In describing the preferred embodiment of the invention which is illustrated in the drawings, specific terminology will be resorted to for the sake of clarity. However, it is not intended that the invention be limited to the specific terms so selected and it is to be understood that each specific term includes all technical equivalents which operate in a similar manner to accomplish a similar purpose. For example, the word connected or term similar thereto are often used. They are not limited to direct connection, but include connection through other elements where such connection is recognized as being equivalent by those skilled in the art.

DETAILED DESCRIPTION OF THE INVENTION

The testing apparatus 10 shown in FIG. 2 is preferably positioned along an assembly line in which cartridges, such as that shown in FIG. 1, are assembled. Preferably, cartridges are mounted in pallets, as described in U.S. Pat. No. 6,990,796 to Schnipke, et al., which is incorporated herein by reference, and moved along an assembly line by a conveyor belt, as is known in the art. Such cartridges are fitted with drivers, one or more springs and other components during the assembly process. After complete assembly, or preferably nearly complete assembly, the cartridge is tested by the testing apparatus 10 in order to determine whether more than the required number of drivers has been inserted into the apertures of the cartridge. After testing, the cartridge is then designated, such as by recording the results of the test in the memory of a central computer 12, as either acceptable if it passed the test, or defective if it failed. This designation is then used to determine subsequent steps in the assembly process, as described in more detail below.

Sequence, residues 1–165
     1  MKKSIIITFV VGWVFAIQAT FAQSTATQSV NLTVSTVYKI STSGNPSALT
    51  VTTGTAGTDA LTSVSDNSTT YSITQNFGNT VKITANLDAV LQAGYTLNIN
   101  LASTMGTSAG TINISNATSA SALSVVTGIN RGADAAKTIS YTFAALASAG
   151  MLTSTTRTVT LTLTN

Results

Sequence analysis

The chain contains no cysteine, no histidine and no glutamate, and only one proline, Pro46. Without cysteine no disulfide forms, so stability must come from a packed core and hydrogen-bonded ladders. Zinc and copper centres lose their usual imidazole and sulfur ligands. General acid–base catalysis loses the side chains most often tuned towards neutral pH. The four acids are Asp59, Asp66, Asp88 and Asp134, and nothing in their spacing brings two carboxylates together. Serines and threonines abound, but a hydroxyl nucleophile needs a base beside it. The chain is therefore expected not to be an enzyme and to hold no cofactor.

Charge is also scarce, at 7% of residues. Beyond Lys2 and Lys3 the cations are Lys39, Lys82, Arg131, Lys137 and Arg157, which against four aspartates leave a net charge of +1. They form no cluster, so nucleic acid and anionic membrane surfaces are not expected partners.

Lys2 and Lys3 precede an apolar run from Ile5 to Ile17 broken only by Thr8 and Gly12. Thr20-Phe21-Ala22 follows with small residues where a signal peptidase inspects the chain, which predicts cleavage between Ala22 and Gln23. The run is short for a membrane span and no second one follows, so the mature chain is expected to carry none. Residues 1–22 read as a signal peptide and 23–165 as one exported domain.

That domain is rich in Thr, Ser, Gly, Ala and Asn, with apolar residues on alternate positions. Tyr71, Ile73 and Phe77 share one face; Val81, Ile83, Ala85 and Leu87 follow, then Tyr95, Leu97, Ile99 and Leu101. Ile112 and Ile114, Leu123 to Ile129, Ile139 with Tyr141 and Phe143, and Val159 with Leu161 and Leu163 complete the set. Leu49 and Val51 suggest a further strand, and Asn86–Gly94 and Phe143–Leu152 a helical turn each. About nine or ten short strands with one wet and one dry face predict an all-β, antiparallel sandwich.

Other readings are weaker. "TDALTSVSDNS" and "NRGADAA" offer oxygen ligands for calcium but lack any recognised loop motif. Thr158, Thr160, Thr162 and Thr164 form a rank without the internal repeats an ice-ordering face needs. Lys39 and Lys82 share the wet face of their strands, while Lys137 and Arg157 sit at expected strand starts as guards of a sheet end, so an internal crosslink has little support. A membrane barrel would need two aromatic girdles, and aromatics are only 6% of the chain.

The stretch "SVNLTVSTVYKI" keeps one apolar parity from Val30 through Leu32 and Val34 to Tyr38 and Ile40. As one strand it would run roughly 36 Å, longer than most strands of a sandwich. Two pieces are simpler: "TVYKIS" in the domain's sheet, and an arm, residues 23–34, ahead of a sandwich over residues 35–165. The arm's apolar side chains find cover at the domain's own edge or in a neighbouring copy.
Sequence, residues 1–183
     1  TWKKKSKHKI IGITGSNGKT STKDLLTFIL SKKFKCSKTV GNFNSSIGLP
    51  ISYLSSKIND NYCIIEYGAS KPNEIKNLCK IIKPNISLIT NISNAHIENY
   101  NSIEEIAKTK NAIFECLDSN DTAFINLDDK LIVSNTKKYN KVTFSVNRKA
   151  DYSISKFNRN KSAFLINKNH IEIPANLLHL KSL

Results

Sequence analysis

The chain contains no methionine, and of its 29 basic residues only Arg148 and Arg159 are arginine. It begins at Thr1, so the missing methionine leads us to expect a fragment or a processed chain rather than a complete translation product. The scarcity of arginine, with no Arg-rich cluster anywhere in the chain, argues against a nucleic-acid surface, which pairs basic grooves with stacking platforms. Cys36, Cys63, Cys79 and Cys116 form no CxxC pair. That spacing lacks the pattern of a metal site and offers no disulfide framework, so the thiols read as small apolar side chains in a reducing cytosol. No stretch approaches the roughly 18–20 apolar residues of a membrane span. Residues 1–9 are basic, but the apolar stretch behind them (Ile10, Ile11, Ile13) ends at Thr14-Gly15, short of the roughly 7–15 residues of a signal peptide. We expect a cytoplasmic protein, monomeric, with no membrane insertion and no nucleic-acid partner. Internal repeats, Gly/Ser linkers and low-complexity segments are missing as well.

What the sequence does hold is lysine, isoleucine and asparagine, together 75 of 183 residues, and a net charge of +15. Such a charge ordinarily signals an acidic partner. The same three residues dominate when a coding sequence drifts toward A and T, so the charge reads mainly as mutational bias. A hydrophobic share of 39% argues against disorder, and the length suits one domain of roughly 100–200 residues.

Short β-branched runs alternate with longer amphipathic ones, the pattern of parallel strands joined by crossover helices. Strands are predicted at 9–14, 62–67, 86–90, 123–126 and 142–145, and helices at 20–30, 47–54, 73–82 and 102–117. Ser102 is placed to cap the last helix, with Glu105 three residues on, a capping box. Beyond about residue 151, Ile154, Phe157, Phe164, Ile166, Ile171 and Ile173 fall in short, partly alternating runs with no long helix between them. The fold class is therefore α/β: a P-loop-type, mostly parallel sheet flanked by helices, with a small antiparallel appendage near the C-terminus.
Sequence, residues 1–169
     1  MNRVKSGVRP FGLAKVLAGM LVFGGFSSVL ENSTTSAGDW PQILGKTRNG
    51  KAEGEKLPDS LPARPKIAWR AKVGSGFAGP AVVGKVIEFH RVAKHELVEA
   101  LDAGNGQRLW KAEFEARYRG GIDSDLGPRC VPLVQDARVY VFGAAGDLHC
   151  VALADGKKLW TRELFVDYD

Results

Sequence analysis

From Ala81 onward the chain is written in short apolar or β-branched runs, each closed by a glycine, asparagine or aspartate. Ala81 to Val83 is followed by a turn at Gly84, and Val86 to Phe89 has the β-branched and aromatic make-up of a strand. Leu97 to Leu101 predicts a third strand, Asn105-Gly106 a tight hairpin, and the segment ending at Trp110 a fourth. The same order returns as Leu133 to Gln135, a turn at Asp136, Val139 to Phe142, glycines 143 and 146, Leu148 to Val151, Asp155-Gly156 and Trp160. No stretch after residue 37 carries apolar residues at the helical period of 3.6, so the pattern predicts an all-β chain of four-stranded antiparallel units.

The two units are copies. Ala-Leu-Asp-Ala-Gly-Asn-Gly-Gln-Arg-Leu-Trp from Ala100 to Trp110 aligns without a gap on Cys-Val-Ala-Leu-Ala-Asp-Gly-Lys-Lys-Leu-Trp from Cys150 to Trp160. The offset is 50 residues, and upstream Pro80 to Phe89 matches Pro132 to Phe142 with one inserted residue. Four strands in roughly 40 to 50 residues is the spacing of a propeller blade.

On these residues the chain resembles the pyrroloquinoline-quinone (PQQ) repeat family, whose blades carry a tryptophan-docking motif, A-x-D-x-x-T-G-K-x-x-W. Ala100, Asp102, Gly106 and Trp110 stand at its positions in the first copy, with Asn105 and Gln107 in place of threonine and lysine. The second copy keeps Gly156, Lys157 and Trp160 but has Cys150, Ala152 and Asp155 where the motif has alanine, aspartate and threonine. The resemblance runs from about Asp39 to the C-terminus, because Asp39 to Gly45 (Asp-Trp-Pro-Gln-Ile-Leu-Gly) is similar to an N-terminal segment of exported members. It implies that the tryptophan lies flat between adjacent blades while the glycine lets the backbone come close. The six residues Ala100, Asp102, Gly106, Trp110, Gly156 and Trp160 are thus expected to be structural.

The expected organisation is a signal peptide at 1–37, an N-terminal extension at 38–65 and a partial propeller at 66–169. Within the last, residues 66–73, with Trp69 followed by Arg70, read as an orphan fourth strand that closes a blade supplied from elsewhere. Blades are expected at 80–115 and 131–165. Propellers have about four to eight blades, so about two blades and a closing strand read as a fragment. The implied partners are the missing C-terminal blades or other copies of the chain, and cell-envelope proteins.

The testing apparatus 10 has a base plate 14 that is a rigid body, such as plate steel, with a central aperture 16. The components of the testing apparatus 10 are rigidly mounted to the base plate 14, which holds the components so that the components do not move relative to the base plate 14, other than those components described below as designed to move relative to one another.

The risers 18 and 19 are mounted to the base plate 14 by fasteners, such as screws as shown in FIG. 3. The shuttle support 20 and the shuttle cylinder mount 22 are screwed to the risers 18 and 19 to prevent relative movement. The cylinder 24 is mounted to the shuttle cylinder mount 22 by fixing the housing 24 a (FIG. 3) thereof onto the shuttle cylinder mount 22. The cylinder 24 is preferably a conventional linear prime mover, such as an electric motor or pneumatic/hydraulic ram, but could be any drive mechanism that applies a linear, reciprocating force. The cylinder rod 24 b extends through an aperture 22 a formed in the shuttle cylinder mount 22 and attaches to the cylinder mount 26. The aperture 22 a has a larger diameter than the rod 24 b so that the rod 24 b can extend through the aperture 22 a and move therein without substantial resistance. Thus, actuation of the cylinder 24 causes the rod 24 b to extend and retract in a conventional manner, thereby exerting a force on the cylinder mount 26, as is described below.

The cylinder mount 26 is rigidly mounted to the carriage 30, which is slidably mounted to the smooth, cylindrical shafts 31 and 32. The shafts 31 and 32 are rigidly mounted at opposing ends to the shuttle support 20 and the shuttle cylinder mount 22, which thereby retain the shafts 31 and 32 in fixed positions relative to the base plate 14. Conventional linear bearings mounted in apertures formed on the carriage 30 slidably receive the shafts 31 and 32. This configuration permits the carriage 30 to slide along the shafts 31 and 32 in a path defined by the substantially parallel axes of the shafts 31 and 32. The rod 24 b is preferably parallel to the shafts 31 and 32. This path is preferably substantially horizontal, although it is contemplated that the path can be other than horizontal. It will become apparent that, through actuation of the cylinder 24, the cylinder mount 26 and the rigidly attached carriage 30 are moved along the path defined by the shafts 31 and 32 without substantial resistance.

It should be noted that terms such as “front,” “rear,” “top,” “bottom,” “horizontally,” “vertically,” “laterally,” “longitudinally,” “above” and “below” are used herein to describe the relative position and orientation of various components of the invention, all with respect to the geometry and orientation of the apparatus 10 in an operable orientation, which is shown in FIG. 2. This terminology includes the words specifically mentioned, derivatives thereof, and words of similar import, as understood by a person having ordinary skill in the art.